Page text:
Don’t Give Up On Print

The Watershed arthouse cinema in Bristol has decided to stop producing promotional print and concentrate on emails and other digital media. This is a big mistake. A piece of print in the post gets 30 times the response achieved by an email. It’s true that email offers a much better return on investment on a most mailings because of the low cost but if you want to get the best out of people who are loyal to your organisation, you must give them some print.
I realise these are challenging times for marketers- mass media like newspaper and radio advertising no longer achieve a good return and bulk distribution of print is not much better. Twitter and Facebook are a useful part of the mix but I’d be interested to know if anyone has achieved significant sales from them. they seem to me to be much more suited for building the brand.

I think the best plan is to identify your best customers through purchase data and target them and people like them with print, emails and social media.

For help in making your print work, see my 10 Tips for writing effective letters

Why Social Media May Be A Bad Idea For Your Business

Lots of organisations get involved with social media because they think they ought to but then do it badly and are disappointed at the result.

Part of the problem seems to me to be that social media are ‘free’ and therefore of low value in the eyes of people who are used to spending money on various forms of advertising.

The other part is that it’s difficult to measure the Return On Investment in terms of short term gains, so there’s no incentive to use social media consistently, let alone well, when other more pressing uses of time come up. Certainly you can promote an offer and see how many took it up but much of the use of social media is about increasing brand awareness, building loyalty and spreading word of mouth, none of which provide immediate revenue (although they can be measured against targets).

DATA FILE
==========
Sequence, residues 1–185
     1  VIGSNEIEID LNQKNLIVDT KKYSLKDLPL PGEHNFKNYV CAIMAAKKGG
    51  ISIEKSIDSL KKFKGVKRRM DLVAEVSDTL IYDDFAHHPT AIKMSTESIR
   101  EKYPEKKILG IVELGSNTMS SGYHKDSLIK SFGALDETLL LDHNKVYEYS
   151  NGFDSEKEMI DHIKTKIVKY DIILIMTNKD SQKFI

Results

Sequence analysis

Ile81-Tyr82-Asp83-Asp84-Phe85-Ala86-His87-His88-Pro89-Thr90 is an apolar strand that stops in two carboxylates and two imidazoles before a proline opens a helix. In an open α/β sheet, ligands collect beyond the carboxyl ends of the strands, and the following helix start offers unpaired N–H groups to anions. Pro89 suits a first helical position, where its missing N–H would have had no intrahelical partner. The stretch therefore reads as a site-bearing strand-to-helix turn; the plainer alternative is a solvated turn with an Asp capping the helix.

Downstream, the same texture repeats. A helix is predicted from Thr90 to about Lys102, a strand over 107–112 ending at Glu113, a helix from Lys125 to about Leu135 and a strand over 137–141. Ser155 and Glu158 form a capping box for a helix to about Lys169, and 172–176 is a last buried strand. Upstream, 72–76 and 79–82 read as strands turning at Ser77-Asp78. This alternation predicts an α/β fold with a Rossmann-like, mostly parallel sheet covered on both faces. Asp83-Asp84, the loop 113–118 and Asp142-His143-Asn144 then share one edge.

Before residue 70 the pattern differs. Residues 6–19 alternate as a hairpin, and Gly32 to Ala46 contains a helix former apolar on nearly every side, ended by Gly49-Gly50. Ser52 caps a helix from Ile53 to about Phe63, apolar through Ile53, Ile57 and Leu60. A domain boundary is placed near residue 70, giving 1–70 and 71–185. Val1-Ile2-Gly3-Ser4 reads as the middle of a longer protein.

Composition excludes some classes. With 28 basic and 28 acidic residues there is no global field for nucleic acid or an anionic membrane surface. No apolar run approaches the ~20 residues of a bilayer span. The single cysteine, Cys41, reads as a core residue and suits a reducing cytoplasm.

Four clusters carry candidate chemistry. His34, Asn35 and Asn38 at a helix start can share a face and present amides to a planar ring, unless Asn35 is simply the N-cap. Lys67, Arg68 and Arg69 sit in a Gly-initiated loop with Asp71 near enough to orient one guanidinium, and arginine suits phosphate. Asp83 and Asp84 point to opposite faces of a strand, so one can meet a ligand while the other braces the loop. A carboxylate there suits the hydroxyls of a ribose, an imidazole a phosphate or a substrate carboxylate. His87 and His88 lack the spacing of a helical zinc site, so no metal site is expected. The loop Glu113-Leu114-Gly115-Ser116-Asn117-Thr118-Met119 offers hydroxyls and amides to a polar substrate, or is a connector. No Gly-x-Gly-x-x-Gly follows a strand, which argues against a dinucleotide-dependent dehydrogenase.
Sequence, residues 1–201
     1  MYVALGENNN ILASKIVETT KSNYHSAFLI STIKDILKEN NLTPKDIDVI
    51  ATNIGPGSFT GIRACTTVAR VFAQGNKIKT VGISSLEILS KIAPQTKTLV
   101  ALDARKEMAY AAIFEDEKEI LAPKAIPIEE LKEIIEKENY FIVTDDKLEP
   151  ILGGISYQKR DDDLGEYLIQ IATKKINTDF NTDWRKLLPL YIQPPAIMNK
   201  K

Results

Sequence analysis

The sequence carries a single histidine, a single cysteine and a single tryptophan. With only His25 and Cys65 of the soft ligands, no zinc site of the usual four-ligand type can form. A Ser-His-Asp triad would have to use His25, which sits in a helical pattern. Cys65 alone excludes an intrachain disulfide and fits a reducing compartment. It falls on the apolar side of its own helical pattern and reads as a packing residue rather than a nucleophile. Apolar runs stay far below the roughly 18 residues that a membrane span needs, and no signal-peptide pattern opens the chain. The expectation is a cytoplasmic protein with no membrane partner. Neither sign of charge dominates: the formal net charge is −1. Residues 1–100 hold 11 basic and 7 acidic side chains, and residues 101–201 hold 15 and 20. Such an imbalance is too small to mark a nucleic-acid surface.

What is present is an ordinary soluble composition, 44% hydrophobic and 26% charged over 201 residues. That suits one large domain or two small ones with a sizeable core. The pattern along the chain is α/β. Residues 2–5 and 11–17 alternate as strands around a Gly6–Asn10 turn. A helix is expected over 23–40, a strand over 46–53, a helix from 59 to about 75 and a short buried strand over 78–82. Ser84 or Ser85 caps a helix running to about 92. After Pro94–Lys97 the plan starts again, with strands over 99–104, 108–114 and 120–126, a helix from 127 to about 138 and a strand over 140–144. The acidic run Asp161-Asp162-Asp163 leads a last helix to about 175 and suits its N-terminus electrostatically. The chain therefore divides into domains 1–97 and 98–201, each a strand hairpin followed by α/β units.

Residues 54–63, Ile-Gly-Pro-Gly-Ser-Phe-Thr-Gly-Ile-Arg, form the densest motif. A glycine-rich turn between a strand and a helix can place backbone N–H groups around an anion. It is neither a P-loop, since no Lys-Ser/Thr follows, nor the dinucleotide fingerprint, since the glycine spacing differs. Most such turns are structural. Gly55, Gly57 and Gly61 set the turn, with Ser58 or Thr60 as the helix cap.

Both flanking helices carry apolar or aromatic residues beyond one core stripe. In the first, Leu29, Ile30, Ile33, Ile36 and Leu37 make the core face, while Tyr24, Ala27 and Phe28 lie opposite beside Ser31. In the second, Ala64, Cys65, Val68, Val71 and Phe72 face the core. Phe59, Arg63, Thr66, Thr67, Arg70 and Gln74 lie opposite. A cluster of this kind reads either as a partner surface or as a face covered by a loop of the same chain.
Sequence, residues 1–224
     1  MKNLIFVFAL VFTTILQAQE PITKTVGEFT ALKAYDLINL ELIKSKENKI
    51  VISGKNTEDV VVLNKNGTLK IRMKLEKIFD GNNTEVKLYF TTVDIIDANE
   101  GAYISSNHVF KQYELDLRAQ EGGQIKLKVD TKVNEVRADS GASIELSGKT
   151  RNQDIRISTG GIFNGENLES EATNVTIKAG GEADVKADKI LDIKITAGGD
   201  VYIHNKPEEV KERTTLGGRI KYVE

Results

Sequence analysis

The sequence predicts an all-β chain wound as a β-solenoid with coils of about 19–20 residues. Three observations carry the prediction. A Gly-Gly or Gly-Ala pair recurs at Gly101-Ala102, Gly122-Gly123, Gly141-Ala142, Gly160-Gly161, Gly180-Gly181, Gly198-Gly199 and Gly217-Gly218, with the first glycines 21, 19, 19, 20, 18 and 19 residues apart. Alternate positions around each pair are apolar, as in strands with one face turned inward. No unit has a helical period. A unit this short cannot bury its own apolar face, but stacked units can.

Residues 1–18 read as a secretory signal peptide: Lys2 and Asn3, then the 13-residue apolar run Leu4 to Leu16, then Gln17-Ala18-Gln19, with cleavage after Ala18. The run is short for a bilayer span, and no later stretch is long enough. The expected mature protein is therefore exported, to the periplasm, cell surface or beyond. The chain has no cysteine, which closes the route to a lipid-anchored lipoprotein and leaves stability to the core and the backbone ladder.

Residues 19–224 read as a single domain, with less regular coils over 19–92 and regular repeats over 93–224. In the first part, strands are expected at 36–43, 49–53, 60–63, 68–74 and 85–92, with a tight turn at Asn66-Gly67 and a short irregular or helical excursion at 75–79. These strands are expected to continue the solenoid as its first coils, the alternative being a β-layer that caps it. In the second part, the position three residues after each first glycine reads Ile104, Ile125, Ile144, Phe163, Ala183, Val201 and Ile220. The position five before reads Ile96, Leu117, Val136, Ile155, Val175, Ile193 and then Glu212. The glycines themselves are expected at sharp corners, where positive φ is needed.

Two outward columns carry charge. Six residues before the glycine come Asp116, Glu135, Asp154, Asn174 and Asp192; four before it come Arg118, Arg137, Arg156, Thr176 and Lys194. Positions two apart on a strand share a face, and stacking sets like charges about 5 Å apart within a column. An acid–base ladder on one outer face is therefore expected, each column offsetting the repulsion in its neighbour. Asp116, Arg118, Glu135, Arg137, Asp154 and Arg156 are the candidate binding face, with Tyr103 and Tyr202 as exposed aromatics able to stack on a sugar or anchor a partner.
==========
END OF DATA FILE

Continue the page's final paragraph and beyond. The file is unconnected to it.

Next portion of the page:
So, in my experience, many organisations get involved in social media because they think they should but let that involvement slide as soon as other demands on resources come along.
There is something else. Using social media requires a huge change in approach, from the traditional marketing role of leading your customers to the brave new world of being led by them. Many marketing people either don’t understand this or they don’t want to do it. Social media, whether it’s blogging and microblogging (Twitter), social networks (Facebook, LinkedIn), sharing (YouTube, Flickr) or forums and comments, is a conversation not a monologue.

So, best not to get involved in social media if you don’t have the commitment or an appreciation of why you’re doing it. All that will happen is that you will produce a half hearted effort that won’t impress your followers and may even alienate them and that will waste your time.

If you want to do it properly, start by looking at my 10 Tips for using Social Media.

Heard It Through The Grapevine: The Power of Word Of Mouth

Word of mouth is your most valuable marketing tool, which is good news and bad news.  The good news is that it works so well because it’s authentic.  The bad news is, you can’t fake it.

If you’ve got an email or postal list of people who like your product enough to sign up, you have a massively valuable tool.  So when someone buys in person, on the phone or online, ask them if they would like to join. Encourage them with an offer, something that will appeal to those genuinely interested in what you have to offer.   In other words, don’t offer an M&S voucher or everyone will sign up.  Offer a ticket discount voucher or a free programme.  Actually most people will sign just to be better informed, so offer a regular newsletter. At Your Life Your Style, we have forms by the till and a box on each page of our website, and we promise special offers and exclusive information.